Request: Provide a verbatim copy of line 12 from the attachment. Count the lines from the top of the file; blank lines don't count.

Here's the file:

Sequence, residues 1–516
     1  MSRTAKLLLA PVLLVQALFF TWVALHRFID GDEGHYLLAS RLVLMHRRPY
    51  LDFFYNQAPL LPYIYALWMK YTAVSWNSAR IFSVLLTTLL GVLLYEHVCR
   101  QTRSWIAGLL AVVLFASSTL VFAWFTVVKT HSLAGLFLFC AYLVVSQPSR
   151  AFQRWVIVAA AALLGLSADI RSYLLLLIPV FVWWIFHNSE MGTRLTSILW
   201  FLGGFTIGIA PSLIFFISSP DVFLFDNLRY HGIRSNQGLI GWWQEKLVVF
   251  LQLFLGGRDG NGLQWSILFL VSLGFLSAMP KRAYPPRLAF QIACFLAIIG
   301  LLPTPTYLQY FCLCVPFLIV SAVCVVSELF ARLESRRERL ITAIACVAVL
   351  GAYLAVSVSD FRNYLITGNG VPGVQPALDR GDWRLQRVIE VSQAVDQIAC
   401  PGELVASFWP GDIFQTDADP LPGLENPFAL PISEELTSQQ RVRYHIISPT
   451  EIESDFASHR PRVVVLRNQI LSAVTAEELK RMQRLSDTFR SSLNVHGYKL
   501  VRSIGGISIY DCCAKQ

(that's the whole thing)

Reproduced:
   501  VRSIGGISIY DCCAKQ